By Dent, John A.; Harden, Ronald M.
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Additional info for A practical guide for medical teachers
In 2007, following the MTAS debacle, Professor John Tooke was invited to report on the state of postgraduate medical education and make appropriate recommendations. He recommended that doctors should serve a 1-year pre-registration Foundation Year 1, then a period of core specialty training in a small number of specialty stems (medical, surgical, family medicine) and then further training in higher specialist training posts (and be called once again specialist registrars or GP registrars). His comments in the Tooke Reports of 2007 and 2008 sound remarkably like those of the earlier Todd Report of 1968.
Mandin H, Harasym P, Eagle C, Watanabe M: Developing a ‘clinical presentation’ curriculum at the University of Calgary, Academic Medicine 70:186–193, 1995. Newble DI, Jaeger K: The effect of assessment and examinations on the learning of medical students, Medical Education 17:165–171, 1983. O’Neill PA: The core content of the undergraduate curriculum in Manchester, Medical Education 33:121–129, 1999. O’Neill PA, Jones A, Willis SC, McArdle PJ: Does a new undergraduate curriculum based on Tomorrow’s Doctors prepare house officers better for their first post?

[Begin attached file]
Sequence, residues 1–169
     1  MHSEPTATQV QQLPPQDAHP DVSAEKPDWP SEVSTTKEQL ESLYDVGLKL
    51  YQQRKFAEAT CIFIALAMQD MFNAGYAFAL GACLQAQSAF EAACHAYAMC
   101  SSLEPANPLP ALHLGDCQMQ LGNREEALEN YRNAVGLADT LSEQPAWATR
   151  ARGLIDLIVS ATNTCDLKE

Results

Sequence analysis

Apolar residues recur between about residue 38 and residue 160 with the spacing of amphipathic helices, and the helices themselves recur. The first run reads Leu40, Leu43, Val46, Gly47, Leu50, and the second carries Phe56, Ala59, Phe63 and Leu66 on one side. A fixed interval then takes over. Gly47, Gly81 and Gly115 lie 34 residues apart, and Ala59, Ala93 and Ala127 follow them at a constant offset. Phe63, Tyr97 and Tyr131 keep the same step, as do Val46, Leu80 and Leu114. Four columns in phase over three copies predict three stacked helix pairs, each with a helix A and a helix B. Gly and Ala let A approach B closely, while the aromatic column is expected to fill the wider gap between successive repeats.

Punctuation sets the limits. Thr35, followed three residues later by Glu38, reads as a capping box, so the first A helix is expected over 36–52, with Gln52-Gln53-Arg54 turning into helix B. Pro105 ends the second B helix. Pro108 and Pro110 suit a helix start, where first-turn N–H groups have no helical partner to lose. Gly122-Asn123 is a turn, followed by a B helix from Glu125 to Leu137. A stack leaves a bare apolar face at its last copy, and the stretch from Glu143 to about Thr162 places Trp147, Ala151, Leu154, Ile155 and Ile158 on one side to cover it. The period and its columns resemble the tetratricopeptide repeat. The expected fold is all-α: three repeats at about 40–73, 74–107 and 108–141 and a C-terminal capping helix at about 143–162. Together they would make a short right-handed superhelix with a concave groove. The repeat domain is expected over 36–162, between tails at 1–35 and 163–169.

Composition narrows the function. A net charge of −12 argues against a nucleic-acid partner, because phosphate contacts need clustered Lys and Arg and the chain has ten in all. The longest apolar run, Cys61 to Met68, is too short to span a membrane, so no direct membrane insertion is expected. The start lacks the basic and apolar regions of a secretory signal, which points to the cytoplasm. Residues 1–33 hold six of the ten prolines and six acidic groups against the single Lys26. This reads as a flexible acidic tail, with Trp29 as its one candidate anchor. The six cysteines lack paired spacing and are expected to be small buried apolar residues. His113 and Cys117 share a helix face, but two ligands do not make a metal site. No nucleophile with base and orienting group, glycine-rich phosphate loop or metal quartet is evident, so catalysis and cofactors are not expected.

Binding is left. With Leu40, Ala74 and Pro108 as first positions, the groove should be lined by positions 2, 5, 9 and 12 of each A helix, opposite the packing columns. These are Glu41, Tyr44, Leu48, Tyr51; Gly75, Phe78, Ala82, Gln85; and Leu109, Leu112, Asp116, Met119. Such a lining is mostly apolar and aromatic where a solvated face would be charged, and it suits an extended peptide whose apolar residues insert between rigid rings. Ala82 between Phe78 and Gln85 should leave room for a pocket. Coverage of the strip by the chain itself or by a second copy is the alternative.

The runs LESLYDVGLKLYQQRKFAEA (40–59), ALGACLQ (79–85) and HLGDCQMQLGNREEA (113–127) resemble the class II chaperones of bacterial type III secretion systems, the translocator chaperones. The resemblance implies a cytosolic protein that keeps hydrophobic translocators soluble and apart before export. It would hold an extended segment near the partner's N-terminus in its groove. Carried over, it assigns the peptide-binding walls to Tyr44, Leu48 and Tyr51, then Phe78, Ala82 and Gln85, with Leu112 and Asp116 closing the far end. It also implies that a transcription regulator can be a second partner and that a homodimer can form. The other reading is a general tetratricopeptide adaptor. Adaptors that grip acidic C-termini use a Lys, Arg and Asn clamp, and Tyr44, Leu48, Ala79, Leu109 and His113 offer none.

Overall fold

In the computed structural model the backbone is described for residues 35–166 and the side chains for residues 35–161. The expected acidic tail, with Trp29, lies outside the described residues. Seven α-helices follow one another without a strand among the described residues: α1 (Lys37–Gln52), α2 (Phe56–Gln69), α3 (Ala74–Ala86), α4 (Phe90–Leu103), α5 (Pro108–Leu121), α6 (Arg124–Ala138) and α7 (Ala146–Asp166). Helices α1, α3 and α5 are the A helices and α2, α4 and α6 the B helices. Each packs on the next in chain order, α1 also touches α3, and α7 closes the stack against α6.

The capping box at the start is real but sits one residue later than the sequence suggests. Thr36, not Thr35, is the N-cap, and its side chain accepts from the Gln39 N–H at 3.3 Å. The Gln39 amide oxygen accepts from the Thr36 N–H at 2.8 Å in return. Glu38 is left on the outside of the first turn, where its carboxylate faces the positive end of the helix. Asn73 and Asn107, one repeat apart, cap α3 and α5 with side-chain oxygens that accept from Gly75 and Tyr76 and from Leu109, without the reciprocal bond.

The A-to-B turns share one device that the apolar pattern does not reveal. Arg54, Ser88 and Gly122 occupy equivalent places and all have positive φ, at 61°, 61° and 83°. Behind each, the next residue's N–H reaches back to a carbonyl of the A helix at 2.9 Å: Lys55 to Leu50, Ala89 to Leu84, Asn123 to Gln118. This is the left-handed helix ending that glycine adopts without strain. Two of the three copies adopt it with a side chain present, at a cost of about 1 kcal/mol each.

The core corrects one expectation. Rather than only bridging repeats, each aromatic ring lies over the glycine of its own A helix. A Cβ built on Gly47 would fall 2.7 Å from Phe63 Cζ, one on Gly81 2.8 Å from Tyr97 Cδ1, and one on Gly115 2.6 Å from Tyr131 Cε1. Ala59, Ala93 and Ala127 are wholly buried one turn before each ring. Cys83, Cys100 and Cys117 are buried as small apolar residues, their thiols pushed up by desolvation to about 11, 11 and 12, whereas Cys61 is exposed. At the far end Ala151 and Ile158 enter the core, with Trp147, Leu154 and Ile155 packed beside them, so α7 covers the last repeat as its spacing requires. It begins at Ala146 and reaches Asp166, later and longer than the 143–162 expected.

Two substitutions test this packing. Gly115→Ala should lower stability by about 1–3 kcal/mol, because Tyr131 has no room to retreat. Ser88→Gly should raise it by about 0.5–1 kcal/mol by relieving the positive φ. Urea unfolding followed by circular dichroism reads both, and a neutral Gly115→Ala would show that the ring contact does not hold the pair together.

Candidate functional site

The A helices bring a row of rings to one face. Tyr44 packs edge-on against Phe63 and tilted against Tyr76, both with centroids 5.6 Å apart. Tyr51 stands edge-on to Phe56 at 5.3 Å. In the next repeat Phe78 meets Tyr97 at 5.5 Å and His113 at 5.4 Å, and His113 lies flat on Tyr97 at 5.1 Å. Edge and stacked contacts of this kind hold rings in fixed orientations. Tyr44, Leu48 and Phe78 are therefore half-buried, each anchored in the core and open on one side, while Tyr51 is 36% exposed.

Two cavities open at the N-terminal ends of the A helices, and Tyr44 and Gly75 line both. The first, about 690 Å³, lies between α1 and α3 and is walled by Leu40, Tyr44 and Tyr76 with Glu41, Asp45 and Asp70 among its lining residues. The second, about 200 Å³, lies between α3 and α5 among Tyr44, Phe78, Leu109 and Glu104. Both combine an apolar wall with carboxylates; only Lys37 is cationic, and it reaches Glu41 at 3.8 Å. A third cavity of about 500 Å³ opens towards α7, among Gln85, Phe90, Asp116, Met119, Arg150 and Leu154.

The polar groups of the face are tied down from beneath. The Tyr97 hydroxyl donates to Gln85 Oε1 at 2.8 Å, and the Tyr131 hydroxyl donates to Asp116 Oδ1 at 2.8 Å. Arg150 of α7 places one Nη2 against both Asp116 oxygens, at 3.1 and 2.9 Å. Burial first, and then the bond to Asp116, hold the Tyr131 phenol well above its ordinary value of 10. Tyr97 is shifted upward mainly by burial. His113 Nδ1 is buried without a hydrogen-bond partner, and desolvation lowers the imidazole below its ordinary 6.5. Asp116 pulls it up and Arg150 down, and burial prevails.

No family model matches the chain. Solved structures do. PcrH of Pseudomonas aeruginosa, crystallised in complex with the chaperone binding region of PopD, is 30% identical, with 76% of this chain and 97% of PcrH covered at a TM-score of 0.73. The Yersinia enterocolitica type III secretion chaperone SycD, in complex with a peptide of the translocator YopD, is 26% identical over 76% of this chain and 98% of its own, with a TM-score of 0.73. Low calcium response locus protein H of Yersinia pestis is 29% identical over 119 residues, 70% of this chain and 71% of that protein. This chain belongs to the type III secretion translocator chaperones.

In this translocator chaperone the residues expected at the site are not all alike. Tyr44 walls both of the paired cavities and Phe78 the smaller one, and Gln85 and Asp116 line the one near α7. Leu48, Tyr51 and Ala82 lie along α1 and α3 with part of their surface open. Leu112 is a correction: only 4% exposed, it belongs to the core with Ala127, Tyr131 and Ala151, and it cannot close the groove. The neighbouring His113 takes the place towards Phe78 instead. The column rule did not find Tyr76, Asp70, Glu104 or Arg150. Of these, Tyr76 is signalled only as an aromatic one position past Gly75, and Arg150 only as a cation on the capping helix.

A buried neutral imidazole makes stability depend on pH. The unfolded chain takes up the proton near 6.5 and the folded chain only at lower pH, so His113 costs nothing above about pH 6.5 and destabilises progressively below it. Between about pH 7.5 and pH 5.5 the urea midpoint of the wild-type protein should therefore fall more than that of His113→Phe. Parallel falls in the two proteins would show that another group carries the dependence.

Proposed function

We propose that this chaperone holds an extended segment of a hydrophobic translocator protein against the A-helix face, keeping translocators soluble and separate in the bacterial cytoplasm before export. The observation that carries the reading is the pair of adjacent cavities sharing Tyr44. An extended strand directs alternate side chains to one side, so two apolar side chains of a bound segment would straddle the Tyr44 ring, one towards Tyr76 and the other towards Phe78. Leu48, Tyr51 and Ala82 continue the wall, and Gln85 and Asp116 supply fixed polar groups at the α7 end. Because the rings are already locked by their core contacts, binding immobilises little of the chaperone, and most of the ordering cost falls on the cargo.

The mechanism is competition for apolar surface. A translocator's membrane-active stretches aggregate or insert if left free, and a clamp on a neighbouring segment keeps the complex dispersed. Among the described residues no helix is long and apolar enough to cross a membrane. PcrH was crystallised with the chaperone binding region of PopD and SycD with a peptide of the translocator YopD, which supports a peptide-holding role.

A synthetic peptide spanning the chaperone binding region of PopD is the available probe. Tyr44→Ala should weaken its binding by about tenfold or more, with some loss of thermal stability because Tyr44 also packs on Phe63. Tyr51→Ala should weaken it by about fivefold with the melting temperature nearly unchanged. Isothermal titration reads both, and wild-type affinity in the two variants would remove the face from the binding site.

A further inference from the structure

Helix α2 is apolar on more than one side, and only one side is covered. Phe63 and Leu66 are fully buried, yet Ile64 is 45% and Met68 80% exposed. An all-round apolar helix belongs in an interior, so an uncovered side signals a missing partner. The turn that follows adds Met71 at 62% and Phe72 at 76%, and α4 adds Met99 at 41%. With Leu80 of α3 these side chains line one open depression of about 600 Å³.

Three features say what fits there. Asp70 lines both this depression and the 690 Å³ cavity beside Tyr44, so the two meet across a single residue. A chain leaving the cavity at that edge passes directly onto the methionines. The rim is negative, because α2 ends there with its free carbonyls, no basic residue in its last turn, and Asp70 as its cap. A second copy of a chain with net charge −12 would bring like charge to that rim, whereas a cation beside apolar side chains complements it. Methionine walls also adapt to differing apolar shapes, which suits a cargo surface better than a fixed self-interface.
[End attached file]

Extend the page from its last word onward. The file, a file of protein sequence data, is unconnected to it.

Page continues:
The organization of the content including the sequence in which it is covered 5. The educational strategies adopted – integrated teaching is an example 6. The teaching methods used, including largegroup teaching, small-group teaching and the use of new learning technologies 7. Assessment of the students’ progress 8. Communication about the curriculum to all the stakeholders including the students 9. The educational environment 10. Management of the curriculum. References Cooke M, Irby DM, O’Brien BC: Educating Physicians: A Call for Reform of Medical Schools and Residency, San Francisco, 2010, Jossey-Bass.
A practical guide for medical teachers by Dent, John A.; Harden, Ronald M.